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Sleep quality in Lyme disease.

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Complaints of chronic fatigue as well as sleep disturbances are prevalent in
Lyme disease. We compared polysomnographic measures of sleep in patients with documented
Lyme disease with those of a group of age-matched normal control subjects. Eleven patients meeting Centers for
Disease Control criteria for late
Lyme disease with serologic confirmation by enzyme-linked immunosorbent assay and Western blot without a history of other medical or psychiatric illness and 10 age-matched control subjects were studied.
Lyme disease patients and controls underwent 2 nights of polysomnography. Multiple sleep latency testing (MSLT) was performed in the patients. Sleep was staged by standard criteria, and continuity of sleep was assessed for each stage of frequency analysis of consecutive epochs. All patients studied reported sleep-related complaints, including difficulty initiating sleep (27%), frequent nocturnal awakenings (27%), excessive daytime somnolence (73%) and restless legs/nocturnal leg jerking (9%). Greater sleep latency, decreased sleep efficiency and a greater arousal index were noted in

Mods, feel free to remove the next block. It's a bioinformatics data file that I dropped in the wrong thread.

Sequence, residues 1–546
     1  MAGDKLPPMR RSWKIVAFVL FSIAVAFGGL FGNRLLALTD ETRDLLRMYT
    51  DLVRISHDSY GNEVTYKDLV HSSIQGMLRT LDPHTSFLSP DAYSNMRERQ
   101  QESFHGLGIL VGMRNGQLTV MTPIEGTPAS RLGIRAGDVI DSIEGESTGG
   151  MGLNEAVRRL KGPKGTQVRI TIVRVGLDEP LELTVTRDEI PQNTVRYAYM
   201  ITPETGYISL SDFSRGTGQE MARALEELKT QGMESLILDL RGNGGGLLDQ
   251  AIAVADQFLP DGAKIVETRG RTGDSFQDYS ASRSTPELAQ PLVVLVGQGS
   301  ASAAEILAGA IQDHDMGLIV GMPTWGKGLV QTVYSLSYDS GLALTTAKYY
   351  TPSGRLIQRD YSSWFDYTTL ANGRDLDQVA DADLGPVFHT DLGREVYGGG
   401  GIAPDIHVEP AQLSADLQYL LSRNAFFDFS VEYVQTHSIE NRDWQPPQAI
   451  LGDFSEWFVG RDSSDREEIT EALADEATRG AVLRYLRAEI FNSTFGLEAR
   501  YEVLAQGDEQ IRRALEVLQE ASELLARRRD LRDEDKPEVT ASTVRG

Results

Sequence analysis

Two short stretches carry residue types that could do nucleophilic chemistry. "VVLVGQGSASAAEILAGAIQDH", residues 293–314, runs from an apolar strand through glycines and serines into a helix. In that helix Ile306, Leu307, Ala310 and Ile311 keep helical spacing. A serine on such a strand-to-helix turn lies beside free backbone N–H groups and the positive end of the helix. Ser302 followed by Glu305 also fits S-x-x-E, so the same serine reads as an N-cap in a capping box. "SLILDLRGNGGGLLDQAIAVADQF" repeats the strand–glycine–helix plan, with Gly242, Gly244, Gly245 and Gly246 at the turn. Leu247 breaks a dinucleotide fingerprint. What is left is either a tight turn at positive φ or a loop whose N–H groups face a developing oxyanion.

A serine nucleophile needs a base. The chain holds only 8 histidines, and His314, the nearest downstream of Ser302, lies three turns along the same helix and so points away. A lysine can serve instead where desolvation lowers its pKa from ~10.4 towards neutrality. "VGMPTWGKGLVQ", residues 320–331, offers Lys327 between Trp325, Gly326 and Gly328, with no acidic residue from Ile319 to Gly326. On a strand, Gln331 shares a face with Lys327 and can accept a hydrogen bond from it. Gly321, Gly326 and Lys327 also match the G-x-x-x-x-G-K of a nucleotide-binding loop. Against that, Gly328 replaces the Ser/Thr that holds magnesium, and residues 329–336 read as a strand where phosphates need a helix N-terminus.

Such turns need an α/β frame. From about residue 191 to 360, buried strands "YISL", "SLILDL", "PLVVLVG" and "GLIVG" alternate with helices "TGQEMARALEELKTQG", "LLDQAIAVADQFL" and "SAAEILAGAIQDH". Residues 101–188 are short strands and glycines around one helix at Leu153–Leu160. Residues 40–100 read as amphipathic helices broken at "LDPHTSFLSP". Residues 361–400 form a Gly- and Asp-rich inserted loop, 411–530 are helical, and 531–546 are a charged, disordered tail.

Lyme patients. The median length of uninterrupted occurrences of stage 2 and stage 4 non-rapid eye movement (NREM) sleep was less in
Lyme patients (6.3 +/- 3.0 epochs in patients vs. 11.4 +/- 4.4 epochs in controls for stage 2, p < 0.01, and 4.3 +/- 4.4 epochs in patients vs. 11.2 +/- 6.3 epochs in controls for stage 4, p < 0.01), indicating greater sleep fragmentation. Mean sleep onset latency during the MSLT was normal (12.7 +/- 5.6 minutes). Three patients demonstrated alpha-wave intrusion into NREM sleep. These sleep abnormalities may contribute to the fatigue and sleep complaints common in this

Sleep. 1995 Dec;18(10):912-6. Comparative Study

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